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A dual diagnosis occurs when an individual suffers from a combination of an addiction and a mental health disorder, both of which can be established independently from the other. It is common for two or more disorders to be co-occurring, as mental health disorders burden the individual with uncontrollable feelings that can be extremely uncomfortable to experience. Many individuals may decide to self-medicate with drugs or alcohol instead of seeking professional help. Drugs and alcohol also alter an individual’s moods, thoughts, behavior and brain chemistry; therefore, either issue can develop first. The co-occurring disorders might be equal in severity or one could be milder. The level of treatment needed for each disorder can be determined by a doctor or mental health professional.

When someone has co-occurring disorders, it is vital that he or she seek a treatment center that specializes in dual diagnosis. Unfortunately, many facilities only treat one disorder or do not acknowledge that a person’s disorders are related, which can cause more damage. It has been proven that those dealing with these issues are less likely to recover from either disorder when they are treated in separate (and often contradictory) styles of care.

In order for the treatment of a mental health disorder to be effective, one must typically stop using alcohol and drugs. If his or her addiction is not being addressed in treatment for the disorder, then a huge piece of the puzzle is missing. Not only is it not going to be as effective, but it can be dangerous. When medications prescribed for treatment of mental health disorders are mixed with alcohol and/or non-prescription drugs, the results can be deadly.

However, if one is in treatment for a dual diagnosis and has been prescribed medications, it is important to follow the advice of the treatment team. One can still be “clean and sober” while taking medication that was prescribed to them for treatment of a mental health disorder. It is not the same as relying on drugs or alcohol as an escape. However, it is important for someone in treatment to never stop taking medication or change a dosage of medication without first speaking to his or her doctor.

Did You know

According to a recent study conducted by the National Institute on Drug Abuse (NIDA), individuals with mood or anxiety disorders are two times as likely as the general population to suffer from a substance abuse disorder. Those with severe mental health disorders are four times as likely to abuse alcohol (four drinks per day), 3.5 times as likely to smoke marijuana regularly (21 times per year) and 4.6 times more likely to use heavy drugs (10 times in a lifetime). One of the most significant statistics found was that individuals with severe mental health issues were 5.1 times more likely to smoke tobacco cigarettes, which is the leading cause of preventable death in the United States.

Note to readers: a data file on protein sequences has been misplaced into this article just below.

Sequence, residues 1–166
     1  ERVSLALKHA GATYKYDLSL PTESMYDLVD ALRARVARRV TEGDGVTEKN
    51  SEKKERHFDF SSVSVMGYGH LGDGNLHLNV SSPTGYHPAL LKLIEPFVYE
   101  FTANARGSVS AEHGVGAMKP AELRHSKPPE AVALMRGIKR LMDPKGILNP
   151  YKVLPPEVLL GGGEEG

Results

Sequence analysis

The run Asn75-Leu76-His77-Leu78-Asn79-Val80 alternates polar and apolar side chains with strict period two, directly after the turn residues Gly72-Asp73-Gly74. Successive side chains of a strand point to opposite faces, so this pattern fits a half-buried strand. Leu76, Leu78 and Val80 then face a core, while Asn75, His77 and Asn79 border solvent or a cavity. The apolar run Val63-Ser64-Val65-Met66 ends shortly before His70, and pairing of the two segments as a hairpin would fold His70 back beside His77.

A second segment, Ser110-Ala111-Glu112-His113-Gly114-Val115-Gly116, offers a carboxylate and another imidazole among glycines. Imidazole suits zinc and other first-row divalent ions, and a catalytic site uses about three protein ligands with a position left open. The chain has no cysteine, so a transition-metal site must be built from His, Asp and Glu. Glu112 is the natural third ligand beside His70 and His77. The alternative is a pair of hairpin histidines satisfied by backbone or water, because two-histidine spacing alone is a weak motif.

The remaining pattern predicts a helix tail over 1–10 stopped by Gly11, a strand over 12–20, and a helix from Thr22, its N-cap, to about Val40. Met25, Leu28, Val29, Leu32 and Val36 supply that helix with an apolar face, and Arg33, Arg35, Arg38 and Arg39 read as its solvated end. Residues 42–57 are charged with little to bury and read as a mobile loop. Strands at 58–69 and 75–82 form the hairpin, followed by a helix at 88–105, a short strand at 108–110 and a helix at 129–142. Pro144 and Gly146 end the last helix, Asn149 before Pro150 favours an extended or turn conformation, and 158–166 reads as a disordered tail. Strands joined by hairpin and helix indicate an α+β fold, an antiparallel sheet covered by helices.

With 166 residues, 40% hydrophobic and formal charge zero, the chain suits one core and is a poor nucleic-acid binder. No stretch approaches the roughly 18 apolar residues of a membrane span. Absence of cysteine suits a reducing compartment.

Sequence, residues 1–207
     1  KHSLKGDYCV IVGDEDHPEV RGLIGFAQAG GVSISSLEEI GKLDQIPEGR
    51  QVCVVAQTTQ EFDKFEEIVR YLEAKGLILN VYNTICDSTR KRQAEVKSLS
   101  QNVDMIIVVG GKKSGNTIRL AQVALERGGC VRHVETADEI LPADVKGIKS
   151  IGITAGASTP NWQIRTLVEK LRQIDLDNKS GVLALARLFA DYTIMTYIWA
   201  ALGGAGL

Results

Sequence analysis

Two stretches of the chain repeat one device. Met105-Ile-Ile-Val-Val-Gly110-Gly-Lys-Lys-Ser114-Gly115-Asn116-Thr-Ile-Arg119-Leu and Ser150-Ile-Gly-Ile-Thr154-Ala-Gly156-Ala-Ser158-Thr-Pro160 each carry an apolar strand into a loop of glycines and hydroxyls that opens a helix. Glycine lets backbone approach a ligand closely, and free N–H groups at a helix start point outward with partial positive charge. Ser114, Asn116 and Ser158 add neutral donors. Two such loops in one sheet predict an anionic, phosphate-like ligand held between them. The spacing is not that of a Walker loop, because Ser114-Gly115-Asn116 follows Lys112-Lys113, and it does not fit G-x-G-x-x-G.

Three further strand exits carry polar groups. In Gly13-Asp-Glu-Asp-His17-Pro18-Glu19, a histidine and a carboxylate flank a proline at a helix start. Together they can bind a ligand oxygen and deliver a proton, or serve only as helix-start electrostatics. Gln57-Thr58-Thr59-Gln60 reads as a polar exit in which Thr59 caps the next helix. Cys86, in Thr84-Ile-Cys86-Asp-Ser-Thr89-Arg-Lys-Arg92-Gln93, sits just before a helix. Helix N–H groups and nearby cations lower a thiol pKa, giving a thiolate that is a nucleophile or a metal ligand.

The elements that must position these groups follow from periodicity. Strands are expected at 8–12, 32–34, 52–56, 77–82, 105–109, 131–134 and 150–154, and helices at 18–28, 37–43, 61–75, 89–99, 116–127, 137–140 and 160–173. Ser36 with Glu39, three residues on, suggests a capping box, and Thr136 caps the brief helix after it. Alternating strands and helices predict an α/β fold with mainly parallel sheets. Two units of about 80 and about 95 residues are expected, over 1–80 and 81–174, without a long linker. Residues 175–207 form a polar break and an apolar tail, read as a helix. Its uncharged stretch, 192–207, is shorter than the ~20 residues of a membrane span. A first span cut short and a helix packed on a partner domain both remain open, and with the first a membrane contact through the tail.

The distinct correlation between mental health issues and drug or alcohol abuse is evident. At least 8.4 million adults in the United States have both a mental and substance abuse disorder, according to NIDA. Mood disorders, personality disorders, psychotic disorders and anxiety disorders are most commonly diagnosed in combination with an addiction.

Specifically, the most common co-occurring disorders are:

  • Depression and cocaine addiction
  • Panic disorder and alcohol addiction
  • Schizophrenia and alcoholism or polydrug addiction
  • Borderline personality disorder and episodic polydrug abuse

These correlations make sense as someone who suffers from depression looking to self-medicate would turn to a stimulant (e.g. cocaine) for temporary relief; likewise, someone who is in a manic episode of bipolar disorder might seek a depressant (e.g. alcohol) for the same effect. However, once the initial and temporary effects of drugs and alcohol have worn off, the individual is left with exacerbated symptoms of his or her mental health disorder. This encourages the individual to again seek refuge in his or her substance of choice, perpetuating the cycle. For this reason, many disorders go undiagnosed. It is important that both disorders be diagnosed independently from the other since there can be a variety of symptoms attributed to one disorder that actually resulted from the other.

Mental health illnesses do not discriminate. They can affect anyone, as can substance abuse disorders. According to the Depression and Bipolar Support Alliance, more than half of individuals with depression or bipolar disorder use alcohol and/or drugs as a means to self-medicate. Turning to substance abuse as a coping skill is extremely dangerous, yet often feels like the only option to someone suffering from a mental health disorder.

For those struggling with a dual diagnosis and looking for help, you can find assistance with the Florida Dual Diagnosis Helpline. Call 866-337-7631 for more information on where to get a proper diagnosis and the treatment you need to regain control of your life.